In the iconic 1987 thriller Wall Street, Master of the Universe Gordon Gekko charges his acolytes with unearthing the smallest nugget of corporate information that might signal future stock market price moves.
With the recent — rather unwelcome — advent of waiting list watches from the likes of Rolex, Audemars Piguet and Patek Philippe being traded like stocks, a new legion of speculators is similarly reading the runes for clues to the market’s direction.
One indicator is supply at authorised dealers, which is difficult to calculate.
We can all see ‘Exhibition Only’ signs in jewellers’ windows, which does not mean the watches are completely unavailable, merely that they are being funneled directly from authorised dealers’ safes into the hands of their most loyal, biggest-spending, customers.
It is certainly a sign that demand exceeds supply, hence the emergence of huge waiting lists.
If we knew that waiting lists were getting shorter, with watches being delivered within months not years of deposits being paid, this would certainly show supply improving, which should put downward pressure on secondary market demand and prices because there would be little incentive to pay a massive premium on the secondary when a waiting list may only be a few months.
There is growing anecdotal evidence that waiting lists are shortening, a trend I will be keeping an eye on in the coming months.
Another indicator is the supply of watches on the secondary market itself, and here we have far greater transparency.
Thanks to WATCHPRO’s friends at Subial, a pre-owned watch specialist based in London, I have data tracking the rise and fall of inventory on the secondary market.
Subdial scrapes information from major secondary market sites, Chrono24, Watchfinder, Mrwatchmaster, etc, to track not only price, but also inventory for its extremely useful Subdial 50 tracker of the most traded watches by volume.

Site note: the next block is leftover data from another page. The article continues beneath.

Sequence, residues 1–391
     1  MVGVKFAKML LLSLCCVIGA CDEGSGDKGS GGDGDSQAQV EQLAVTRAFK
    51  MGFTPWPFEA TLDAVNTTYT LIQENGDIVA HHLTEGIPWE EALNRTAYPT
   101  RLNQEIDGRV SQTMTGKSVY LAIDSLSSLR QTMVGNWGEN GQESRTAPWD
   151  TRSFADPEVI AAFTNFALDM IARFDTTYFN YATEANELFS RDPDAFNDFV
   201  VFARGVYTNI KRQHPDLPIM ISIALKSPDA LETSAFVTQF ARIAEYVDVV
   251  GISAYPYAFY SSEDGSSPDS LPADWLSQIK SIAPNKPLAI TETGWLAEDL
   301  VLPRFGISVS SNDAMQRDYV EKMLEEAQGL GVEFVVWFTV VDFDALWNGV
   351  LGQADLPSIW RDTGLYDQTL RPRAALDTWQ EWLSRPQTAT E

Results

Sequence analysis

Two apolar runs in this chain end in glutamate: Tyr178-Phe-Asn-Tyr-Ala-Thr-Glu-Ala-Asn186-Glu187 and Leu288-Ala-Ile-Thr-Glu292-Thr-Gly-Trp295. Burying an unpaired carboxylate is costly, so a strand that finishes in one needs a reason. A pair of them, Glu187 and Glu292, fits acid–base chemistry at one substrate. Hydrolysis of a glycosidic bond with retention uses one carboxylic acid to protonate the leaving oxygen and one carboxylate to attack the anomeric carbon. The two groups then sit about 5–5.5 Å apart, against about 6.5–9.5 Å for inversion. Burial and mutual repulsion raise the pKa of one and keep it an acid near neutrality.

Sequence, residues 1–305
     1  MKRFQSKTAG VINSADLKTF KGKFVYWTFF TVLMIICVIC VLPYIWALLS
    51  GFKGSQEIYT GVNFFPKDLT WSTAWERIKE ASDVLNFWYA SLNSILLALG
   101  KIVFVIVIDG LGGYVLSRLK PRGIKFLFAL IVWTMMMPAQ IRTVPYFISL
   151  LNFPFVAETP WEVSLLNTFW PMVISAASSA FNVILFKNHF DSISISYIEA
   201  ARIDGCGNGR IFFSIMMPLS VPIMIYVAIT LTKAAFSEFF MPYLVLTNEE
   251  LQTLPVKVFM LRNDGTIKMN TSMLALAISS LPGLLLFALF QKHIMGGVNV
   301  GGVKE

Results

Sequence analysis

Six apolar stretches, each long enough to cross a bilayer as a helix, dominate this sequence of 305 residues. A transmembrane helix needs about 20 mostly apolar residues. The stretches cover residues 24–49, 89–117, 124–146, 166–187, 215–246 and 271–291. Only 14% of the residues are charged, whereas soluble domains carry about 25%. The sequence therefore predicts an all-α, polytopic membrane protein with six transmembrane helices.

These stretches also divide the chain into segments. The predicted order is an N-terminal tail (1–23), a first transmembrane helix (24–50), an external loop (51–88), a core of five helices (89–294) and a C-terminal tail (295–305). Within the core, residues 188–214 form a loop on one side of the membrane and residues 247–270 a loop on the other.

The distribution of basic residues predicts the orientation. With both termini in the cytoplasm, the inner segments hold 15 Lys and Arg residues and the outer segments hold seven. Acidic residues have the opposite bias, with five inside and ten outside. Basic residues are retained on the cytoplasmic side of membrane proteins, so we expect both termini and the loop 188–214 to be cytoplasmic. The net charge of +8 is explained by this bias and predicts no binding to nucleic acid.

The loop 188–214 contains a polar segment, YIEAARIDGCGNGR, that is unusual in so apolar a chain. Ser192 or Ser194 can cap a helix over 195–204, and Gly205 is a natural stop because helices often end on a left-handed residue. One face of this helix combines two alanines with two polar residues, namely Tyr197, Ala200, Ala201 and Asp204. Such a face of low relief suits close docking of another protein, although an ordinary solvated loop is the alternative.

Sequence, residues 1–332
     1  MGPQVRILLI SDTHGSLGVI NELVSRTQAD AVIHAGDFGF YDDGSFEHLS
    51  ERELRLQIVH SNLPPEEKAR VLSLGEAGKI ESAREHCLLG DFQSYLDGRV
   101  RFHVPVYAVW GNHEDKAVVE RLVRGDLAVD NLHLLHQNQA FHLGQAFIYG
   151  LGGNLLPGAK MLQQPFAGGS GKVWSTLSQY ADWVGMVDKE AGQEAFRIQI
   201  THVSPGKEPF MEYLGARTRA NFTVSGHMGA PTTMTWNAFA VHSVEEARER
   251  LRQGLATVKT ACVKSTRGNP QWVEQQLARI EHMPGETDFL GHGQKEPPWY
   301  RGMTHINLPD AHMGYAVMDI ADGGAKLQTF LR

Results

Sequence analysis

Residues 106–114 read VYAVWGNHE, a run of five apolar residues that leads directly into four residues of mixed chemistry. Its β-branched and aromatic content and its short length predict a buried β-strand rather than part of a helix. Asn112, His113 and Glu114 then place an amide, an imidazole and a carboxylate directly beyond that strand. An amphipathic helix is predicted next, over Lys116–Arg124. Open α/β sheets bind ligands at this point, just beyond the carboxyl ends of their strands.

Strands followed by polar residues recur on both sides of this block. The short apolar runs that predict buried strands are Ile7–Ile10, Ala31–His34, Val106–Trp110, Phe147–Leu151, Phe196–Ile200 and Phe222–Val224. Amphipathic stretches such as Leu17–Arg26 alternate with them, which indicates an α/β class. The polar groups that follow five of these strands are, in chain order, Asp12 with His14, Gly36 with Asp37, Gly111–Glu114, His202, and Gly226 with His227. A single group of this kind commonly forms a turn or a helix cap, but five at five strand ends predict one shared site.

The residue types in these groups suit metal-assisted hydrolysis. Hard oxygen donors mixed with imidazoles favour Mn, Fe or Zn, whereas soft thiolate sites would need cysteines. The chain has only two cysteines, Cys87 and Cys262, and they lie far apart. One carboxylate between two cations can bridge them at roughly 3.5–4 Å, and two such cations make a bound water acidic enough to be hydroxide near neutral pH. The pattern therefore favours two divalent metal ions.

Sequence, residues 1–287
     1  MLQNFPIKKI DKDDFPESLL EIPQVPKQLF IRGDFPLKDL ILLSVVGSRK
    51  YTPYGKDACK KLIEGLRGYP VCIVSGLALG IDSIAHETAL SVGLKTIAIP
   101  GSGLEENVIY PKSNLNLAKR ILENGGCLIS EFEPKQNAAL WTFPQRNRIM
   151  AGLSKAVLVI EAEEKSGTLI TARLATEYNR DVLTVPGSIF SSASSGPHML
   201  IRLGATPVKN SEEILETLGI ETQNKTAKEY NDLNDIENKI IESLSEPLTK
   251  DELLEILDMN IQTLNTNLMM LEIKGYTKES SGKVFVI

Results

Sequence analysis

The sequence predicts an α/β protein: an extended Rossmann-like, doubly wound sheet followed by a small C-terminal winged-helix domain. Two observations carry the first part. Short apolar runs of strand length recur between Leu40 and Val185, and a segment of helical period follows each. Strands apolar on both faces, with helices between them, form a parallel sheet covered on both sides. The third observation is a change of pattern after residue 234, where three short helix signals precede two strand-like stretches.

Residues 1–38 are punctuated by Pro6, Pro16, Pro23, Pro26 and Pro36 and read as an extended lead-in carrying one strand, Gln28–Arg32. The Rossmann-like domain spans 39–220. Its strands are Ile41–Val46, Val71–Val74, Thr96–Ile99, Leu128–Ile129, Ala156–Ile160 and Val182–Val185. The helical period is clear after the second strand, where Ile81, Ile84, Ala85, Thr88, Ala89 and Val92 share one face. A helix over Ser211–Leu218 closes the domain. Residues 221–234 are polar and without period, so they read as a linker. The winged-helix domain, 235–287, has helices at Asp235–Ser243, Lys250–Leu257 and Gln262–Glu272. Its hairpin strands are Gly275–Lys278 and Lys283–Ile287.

I have shared graphs in previous columns showing how prices rocketed for some of the hottest references between the summer of last year to spring of this before retreating sharply over the past few months.
Now prices appear to be stabilising, and even rising slightly in August.
Why? Because supply on the secondary market has plunged after spiking in March for key watches, particularly the discontinued references in the Rolex Oyster Perpetual, Audemars Piguet Royal Oak and Patek Philippe Nautilus families.
This graph shows the dramatic rise in supply as speculators sensed, or engineered, the top of the market in March and cashed out at the moment of maximum profit.
An alternative theory would be that, having missed the peak, people might have simply withdrawn their watches for sale in the hope that another opportunity presents itself.
Royal Oak supply doubled, year on year, while inventory for the Nautilus and Oyster Perpetual was up by 54% and 34%, respectively.
Watches that are still being made, even those with long waiting lists at authorised dealers, also saw inventories rise on the secondary market, but by much lower percentages, and this was reflected in more modest rises and falls in prices.
Whether there is, or will be, a perfect correlation between supply and prices on the secondary market is for the speculators to decide.
One thing is for sure, it is the sort of data that Gordon Gekko would be pouring over with his minions.